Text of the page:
Auckland has secured access to more water from the Waikato River in a bid to ease the region's drought crisis.
An agreement in principle was reached today at an urgent meeting in Hamilton, attended by Environment Minister David Parker, Waikato and Auckland authorities.
Auckland Mayor Phil Goff told Heather Du Plessis-Allan he was working to secure an extra 50 million litres a day for the city before next winter.
"We've got support from all of the parties for the 25 million litres a day that we will take over from the Hamilton allocation," he said.
"We're taking 15 million of that already under emergency powers and we'll take another 10 million litres a day when our water treatment plant is upgraded to cope with that.
"We'll look at another 50 million litres a day before winter next year, when we've done further upgrading on the water treatment plant. Now that means a big investment of money, we're talking about an excess of $100m."
The extra 50 million litres would be hopefully accessed through a consent that had already been allocated to another party who hadn't used it, he said.
Goff said all other parties involved would agree to the transfer of that consent.
"We're also looking to get another 100 million litres a day if we need it during the winter months," Goff said.
Were that to happen, water for Auckland would be drawn during the winter in order to replenish the region's storage lakes in the Waitākere and Hūnua ranges, he said.
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In return for the much-needed water, a trust would be set up through Watercare to ensure the ongoing health of the river, Goff announced.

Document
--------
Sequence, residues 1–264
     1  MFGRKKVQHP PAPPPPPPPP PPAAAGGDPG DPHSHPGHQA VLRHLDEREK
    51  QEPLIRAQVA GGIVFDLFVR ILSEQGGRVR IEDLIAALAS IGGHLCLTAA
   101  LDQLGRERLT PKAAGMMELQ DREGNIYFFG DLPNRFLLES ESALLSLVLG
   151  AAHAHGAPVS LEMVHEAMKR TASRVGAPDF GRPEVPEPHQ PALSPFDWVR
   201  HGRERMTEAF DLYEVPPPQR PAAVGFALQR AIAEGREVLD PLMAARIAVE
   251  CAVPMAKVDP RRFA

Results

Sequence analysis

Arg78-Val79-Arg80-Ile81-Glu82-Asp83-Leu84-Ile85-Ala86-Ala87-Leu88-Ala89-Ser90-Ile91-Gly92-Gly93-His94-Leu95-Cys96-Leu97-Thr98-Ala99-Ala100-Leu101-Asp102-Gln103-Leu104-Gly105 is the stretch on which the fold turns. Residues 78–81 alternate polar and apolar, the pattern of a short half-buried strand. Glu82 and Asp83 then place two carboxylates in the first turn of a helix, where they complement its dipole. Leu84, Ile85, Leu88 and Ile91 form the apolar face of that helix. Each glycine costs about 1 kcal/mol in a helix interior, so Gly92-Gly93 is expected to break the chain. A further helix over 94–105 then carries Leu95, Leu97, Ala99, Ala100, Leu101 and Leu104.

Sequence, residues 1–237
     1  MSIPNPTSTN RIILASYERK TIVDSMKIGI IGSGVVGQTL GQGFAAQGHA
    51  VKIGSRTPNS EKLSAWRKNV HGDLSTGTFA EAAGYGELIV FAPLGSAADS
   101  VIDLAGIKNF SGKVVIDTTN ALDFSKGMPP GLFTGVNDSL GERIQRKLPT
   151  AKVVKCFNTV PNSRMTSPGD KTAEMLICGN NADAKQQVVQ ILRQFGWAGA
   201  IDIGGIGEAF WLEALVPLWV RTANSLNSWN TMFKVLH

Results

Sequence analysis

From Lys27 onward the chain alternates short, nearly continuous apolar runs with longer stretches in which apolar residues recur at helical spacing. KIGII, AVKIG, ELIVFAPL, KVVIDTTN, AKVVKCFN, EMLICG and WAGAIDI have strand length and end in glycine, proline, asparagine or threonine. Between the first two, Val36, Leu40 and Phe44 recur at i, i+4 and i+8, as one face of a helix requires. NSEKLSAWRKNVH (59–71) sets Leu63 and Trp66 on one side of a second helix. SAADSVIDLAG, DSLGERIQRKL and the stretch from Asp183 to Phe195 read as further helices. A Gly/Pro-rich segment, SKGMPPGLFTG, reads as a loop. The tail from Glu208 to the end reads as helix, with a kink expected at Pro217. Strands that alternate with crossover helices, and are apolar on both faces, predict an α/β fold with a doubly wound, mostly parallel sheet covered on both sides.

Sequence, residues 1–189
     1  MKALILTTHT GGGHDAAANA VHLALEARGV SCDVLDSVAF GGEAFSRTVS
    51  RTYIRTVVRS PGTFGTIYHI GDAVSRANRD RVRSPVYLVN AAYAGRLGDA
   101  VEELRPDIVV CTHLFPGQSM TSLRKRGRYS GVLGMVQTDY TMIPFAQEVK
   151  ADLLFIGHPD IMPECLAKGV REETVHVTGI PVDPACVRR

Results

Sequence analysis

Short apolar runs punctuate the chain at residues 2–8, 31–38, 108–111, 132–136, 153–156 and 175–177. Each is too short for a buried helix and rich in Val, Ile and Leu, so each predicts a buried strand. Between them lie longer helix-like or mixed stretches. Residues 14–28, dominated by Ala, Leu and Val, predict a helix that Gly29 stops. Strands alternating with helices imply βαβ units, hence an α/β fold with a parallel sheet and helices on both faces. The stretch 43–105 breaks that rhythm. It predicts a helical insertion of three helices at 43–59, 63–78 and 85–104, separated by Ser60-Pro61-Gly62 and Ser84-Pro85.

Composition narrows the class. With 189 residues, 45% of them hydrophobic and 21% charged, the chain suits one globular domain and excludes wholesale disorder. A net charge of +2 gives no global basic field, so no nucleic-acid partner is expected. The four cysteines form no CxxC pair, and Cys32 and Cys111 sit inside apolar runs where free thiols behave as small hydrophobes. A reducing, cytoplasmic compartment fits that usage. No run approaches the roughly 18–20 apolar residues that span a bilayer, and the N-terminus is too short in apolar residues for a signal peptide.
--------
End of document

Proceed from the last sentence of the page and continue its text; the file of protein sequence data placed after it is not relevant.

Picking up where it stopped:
"If we're taking a lot more water from the river, we want to put something back to the river, in terms of improving its water quality," he told Du Plessis-Allan.
"It helps the Waikato and it helps us too, because the quality of the Waikato river is pretty bad."
Several million dollars had been earmarked for the trust, though the final amount would be negotiated, he said.
All five parties had entered Wednesday's meeting with differing views, but all agreed on two things, Goff said: the need to protect the health of the Waikato river and the health of the people living in the Waikato and Tāmaki Makaurau.
On Tuesday Environment Minister David Parker referred Auckland's controversial request to take an extra 200 million litres of water a day from the Waikato River to a board of inquiry.
Parker said the sourcing of drinking water for Auckland was nationally significant and the application affected not only Auckland but also other activities in the Waikato and the river itself.
"The inquiry will need to consider the viability of alternatives, including the treatment of storm and/or wastewater," he said.
"Water taken for Auckland from the Waikato already includes treated water from outfalls from storm water and treated wastewater upstream of its take."
The board of inquiry has up to nine months to make a decision, but Parker expected interim solutions like transferring 25 million litres of water a day for the forthcoming summer to be transferred and settled outside of this.
Instead the inquiry would sort through important issues such as whether Auckland should be allowed the 200 million litres of water a day over other commercial users in Waikato, he said.
He said Auckland's drought situation and population growth has given Auckland authorities "a bit of a fright" and everyone including Hamilton City Council was trying to help.
The inquiry comes after the Government, Waikato Regional Council and Hamilton City Council have been working with Auckland and other interested parties over several months to come up with a solution to Auckland's water crisis.